Following the shooting of Rep. Gabrielle Giffords (D-Ariz.), some Democrats are targeting political rhetoric they say could encourage violent behavior.

Steve Israel, chairman of the Democratic Congressional Campaign Committee, said the event was "both a personal tragedy and a tragic reminder that we cannot remain silent when political rhetoric turns violent."

Sen. Frank Lautenberg (D-N.J.) said, "America must not tolerate violence or inflammatory rhetoric that incites political violence."


"Even though we do not have all the answers yet, we are all too familiar with the violent and polarizing climate in which we live," said Rep. Emanuel Cleaver (D-Mo.), the new chairman of the Congressional Black Caucus. "Those of us in leadership must be overly cautious of fanning the flames of extremism in hopes to prevent another horrendous tragedy such as this."

The Brady Campaign to Prevent Gun Violence called for a return to civil political discourse.

"We ... are deeply concerned about the heated political rhetoric that escalates debates and controversies, and sometimes makes it seem as if violence is an acceptable response to honest disagreements," said Brady Campaign President Paul Helmke in a statement.

It is not known at this time whether the shooter had political motivations.

Tea Party Nation founder Judson Phillips condemned the attack on Giffords, but warned backers that the Tea Party movement would have to defend itself from attacks by political opponents.

"While we need to take a moment to extend our sympathies to the families of those who died, we cannot allow the hard left to do what it tried to do in 1995 after the Oklahoma City bombing," he said.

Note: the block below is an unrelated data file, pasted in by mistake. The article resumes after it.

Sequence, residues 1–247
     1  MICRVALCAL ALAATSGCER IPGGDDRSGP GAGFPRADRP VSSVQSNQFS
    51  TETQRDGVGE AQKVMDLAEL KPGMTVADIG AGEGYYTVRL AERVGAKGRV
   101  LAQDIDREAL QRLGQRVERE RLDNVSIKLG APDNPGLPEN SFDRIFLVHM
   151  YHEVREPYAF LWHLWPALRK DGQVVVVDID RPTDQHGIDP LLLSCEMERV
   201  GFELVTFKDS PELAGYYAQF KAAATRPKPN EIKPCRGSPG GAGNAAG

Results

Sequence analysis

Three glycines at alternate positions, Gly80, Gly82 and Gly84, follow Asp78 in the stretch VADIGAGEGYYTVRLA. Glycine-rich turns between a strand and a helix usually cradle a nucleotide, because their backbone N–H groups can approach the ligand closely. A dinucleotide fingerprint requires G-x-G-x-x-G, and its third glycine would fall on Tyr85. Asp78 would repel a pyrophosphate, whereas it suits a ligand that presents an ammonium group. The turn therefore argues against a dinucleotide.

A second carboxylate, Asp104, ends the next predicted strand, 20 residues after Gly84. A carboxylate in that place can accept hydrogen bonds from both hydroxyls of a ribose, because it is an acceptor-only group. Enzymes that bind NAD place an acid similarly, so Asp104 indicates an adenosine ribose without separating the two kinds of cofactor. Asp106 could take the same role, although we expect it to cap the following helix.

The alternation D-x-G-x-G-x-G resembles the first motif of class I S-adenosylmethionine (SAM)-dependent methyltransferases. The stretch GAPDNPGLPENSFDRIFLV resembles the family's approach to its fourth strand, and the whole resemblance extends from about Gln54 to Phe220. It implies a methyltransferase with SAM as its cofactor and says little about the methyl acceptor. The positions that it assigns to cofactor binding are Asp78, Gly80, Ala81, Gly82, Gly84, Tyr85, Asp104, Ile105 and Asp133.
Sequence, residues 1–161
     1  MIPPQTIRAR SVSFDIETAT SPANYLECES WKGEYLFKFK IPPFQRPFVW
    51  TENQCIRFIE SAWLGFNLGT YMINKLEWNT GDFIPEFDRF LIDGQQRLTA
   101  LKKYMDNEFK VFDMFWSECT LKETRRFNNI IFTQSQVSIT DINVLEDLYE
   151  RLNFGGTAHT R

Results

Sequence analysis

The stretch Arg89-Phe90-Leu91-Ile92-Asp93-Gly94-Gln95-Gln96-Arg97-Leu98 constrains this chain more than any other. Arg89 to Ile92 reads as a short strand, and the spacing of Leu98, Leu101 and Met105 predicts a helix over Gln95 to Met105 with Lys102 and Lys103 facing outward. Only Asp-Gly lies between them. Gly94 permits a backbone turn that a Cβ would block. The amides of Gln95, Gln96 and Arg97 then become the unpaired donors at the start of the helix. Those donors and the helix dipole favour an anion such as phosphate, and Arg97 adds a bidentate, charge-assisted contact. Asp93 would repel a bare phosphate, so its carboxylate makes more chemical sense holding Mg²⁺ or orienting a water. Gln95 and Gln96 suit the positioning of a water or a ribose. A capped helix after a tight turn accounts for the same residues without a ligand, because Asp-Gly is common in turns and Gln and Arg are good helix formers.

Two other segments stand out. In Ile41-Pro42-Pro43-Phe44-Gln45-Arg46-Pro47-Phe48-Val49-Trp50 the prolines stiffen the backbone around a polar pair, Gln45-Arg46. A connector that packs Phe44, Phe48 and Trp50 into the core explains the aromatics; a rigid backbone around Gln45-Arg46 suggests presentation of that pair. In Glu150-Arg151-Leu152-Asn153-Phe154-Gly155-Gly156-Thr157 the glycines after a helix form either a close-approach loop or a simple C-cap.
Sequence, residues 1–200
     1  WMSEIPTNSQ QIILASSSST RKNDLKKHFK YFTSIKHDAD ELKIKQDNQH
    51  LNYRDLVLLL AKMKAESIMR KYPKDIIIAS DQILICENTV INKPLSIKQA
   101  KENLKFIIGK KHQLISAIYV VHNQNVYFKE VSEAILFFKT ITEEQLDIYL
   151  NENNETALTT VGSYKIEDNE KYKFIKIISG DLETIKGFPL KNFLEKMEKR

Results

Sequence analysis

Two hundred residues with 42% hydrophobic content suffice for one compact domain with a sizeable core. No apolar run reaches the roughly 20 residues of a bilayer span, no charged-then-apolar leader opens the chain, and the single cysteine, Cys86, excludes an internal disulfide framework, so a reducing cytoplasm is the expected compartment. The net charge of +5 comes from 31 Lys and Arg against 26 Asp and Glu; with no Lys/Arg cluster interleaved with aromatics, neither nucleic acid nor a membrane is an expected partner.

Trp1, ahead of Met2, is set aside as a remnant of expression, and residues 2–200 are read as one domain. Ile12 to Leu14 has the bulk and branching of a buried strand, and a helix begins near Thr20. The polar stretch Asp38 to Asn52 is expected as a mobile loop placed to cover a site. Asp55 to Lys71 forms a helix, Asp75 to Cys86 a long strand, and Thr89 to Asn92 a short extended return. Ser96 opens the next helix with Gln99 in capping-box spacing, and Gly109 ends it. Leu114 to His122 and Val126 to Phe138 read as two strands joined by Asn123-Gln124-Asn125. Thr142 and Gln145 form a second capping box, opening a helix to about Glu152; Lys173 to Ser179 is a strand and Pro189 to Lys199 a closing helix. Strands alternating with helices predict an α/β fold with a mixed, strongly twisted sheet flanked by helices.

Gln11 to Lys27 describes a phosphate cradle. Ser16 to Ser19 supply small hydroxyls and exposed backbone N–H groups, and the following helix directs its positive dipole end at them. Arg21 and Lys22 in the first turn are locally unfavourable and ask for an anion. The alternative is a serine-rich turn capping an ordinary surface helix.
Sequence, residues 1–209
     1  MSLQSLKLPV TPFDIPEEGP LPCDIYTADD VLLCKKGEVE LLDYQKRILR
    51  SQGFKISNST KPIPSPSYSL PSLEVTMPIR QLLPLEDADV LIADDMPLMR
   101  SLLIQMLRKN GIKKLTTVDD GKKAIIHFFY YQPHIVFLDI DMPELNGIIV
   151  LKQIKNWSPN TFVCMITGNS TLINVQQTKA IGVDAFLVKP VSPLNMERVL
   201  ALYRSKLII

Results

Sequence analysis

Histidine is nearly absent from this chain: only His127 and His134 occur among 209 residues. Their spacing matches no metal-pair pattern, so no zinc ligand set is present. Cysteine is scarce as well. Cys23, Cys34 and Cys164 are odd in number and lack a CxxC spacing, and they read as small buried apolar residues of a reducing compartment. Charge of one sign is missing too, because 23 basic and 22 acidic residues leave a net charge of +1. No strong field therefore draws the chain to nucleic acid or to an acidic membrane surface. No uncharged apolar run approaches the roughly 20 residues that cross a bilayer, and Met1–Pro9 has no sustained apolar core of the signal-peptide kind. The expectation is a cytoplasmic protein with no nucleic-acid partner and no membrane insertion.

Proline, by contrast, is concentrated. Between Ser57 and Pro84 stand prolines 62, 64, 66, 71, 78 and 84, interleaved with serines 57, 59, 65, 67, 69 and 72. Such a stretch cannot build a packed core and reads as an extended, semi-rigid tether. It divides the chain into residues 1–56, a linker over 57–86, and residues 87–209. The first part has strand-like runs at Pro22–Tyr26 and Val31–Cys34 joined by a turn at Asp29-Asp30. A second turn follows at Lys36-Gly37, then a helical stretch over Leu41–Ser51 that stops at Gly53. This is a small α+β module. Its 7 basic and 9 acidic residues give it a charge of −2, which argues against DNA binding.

Giffords was shot in the head at a public event in Tucson, Ariz., Saturday. She is currently in critical condition, but her surgeon said he was "very optimistic."

Giffords was one of several lawmakers who reported either threats or vandalism during the debate on healthcare reform. She reported in March that the front door to her Tucson office had been smashed. Both Democratic and Republican leaders denounced the threats.

In the lead-up to the 2010 midterm elections, there was occasional criticism that some rhetoric from politicians might be suggestive of violence.

During her contentious failed campaign against Senate Majority Leader Harry ReidHarry Mason ReidHarry Reid: Early voting states Iowa, New Hampshire 'not representative of the country anymore' The Memo: Democrats confront prospect of long primary Bottom Line MORE (D-Nev.), Sharron Angle suggested people might look to "second amendment remedies" and that "the first thing we need to do is take Harry Reid out." 

Angle said she was speaking broadly, but acknowledged that it may have been "a little strong."

And former vice presidential candidate Sarah Palin was criticized after her political action committee used an image of a map with crosshairs over 20 districts won by Sen. John McCainJohn Sidney McCainBudowsky: Trump destroying GOP in 2018, '19, '20 Conservative group cuts ties with Michelle Malkin Democratic debate at Tyler Perry's could miss the mark with black voters MORE (R-Ariz.) in the 2008 presidential election that had lawmakers who voted in support of the healthcare reform package. Giffords's district was among those listed.


On Saturday, Palin offered her condolences to the shooting victims.

"My sincere condolences are offered to the family of Rep. Gabrielle Giffords and the other victims of today's tragic shooting in Arizona," she posted on her Facebook page. "On behalf of Todd and my family, we all pray for the victims and their families, and for peace and justice."

—Updated at 6:00 pm.